Senator on if President Trump has got the jurisdiction required to authorize a attack on Assad regime from Colorado, discusses Mike Pompeo's suitability to become deal using the Trump government and secretary of state to protect states' rights within the legalization of bud.
That memo was replaced with a new order from Sessions which allows local U.S. attorneys to decide whether to prosecute these businesses under the Controlled Substances Act (CSA), which bans marijuana in all 50 states regardless of local law.
This new policy, not surprisingly, made folks who've been involved in medical marijuana in Arkansas and elsewhere nervous.
"I would be thrilled if Cory Gardner was able to facilitate some real change in the federal approach to marijuana rules in this country", Cullen said. Nonetheless Gardner talked about Courses had promised him he'd do nothing to intervene with Colorado's sturdy marijuana market.
"Since the campaign, President Trump has consistently supported states' rights to decide for themselves how best to approach marijuana".
Gardner stated he had been blindsided when his announcement was left by Sessions in January with regards to bud prosecutions.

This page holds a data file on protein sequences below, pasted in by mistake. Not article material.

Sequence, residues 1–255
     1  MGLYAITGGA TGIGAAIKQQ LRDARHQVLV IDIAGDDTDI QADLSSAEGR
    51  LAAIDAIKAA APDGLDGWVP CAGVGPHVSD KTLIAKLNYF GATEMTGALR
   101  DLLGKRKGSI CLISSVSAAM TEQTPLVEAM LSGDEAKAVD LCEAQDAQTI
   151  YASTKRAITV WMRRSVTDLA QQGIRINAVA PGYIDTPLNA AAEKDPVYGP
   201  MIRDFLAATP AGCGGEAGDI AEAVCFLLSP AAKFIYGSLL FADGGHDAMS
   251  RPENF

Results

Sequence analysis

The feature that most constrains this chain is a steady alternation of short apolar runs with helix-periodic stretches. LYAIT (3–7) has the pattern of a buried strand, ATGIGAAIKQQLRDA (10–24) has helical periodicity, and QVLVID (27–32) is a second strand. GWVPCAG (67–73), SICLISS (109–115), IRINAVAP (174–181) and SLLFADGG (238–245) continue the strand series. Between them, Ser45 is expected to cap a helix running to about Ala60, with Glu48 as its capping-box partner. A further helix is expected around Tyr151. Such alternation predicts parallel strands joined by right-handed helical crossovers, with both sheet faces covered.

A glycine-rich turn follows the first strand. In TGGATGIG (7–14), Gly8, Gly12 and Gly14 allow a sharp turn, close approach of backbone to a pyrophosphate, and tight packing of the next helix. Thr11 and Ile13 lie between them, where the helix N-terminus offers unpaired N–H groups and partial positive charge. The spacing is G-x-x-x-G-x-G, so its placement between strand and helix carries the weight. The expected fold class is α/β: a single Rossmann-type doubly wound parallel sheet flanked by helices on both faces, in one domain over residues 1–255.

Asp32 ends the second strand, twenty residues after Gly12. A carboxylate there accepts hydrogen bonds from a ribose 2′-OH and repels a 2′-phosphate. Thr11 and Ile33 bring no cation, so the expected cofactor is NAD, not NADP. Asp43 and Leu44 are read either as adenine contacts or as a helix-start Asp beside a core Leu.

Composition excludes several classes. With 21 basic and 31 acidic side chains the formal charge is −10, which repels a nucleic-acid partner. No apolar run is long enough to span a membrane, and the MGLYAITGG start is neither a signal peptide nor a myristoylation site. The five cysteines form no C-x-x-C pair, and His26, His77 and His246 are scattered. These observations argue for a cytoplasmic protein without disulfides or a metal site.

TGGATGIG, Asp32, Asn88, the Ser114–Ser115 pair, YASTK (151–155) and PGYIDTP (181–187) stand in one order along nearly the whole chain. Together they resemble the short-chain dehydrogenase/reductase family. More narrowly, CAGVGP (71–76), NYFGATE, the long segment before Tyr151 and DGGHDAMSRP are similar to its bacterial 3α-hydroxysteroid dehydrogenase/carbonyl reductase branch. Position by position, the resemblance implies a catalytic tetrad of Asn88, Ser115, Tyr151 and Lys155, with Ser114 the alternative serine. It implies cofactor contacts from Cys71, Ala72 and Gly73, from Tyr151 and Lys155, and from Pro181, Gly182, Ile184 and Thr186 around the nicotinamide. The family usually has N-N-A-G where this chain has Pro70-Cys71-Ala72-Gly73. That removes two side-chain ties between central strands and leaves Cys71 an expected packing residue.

While more than half of the US states have approved marijuana for medical or recreational use, it is still illegal under federal law. But now he's dropped his stand after the President said he would support a bill that would protect states rights, even though that bill doesn't even exist yet?More news: Lawyers for Trump's Personal Attorney Set for Friday Court Appearance
"We should hope for the best, but not take anything for granted", Blumenauer, a founder of the Congressional Cannabis Caucus, said in a statement.
The White House confirmed this week that while the Department of Justice rescinded an Obama-era policy, which largely kept federal prosecutors from pursuing marijuana-related charges in states that had legalized the drug, the change will not impact states' legal marijuana industries.
During the 2016 campaign, Trump broke with his party and supported giving states the right to set their own policies on marijuana.
U.S. Sen. Cory Gardner, a Colorado Republican who placed a hold on all DOJ nominees until receiving assurances that his state's rights would not be infringed by the rescission of the so-called "Cole Memo", announced Friday that Trump had made such commitments. "I'm a states particular person, it must be as a lot because the states, utterly", he suggested a television interviewer in Colorado that 12 months. On Friday, he said he was fully releasing his holds on Department of Justice nominations.
In February, Gardner lifted most of the holds he put on the Justice nominees the month before. Gardner has met with Sessions and Deputy Attorney General Rod Rosenstein, the official overseeing the Russian Federation probe who has been the target of Trump's ire.
Maybe we shouldn't get too excited until there's an actual piece of legislation protecting marijuana states.
Gardner's office is hopeful of getting enough bipartisan support for the bill to pass the GOP-controlled Congress - something the president's backing would aid.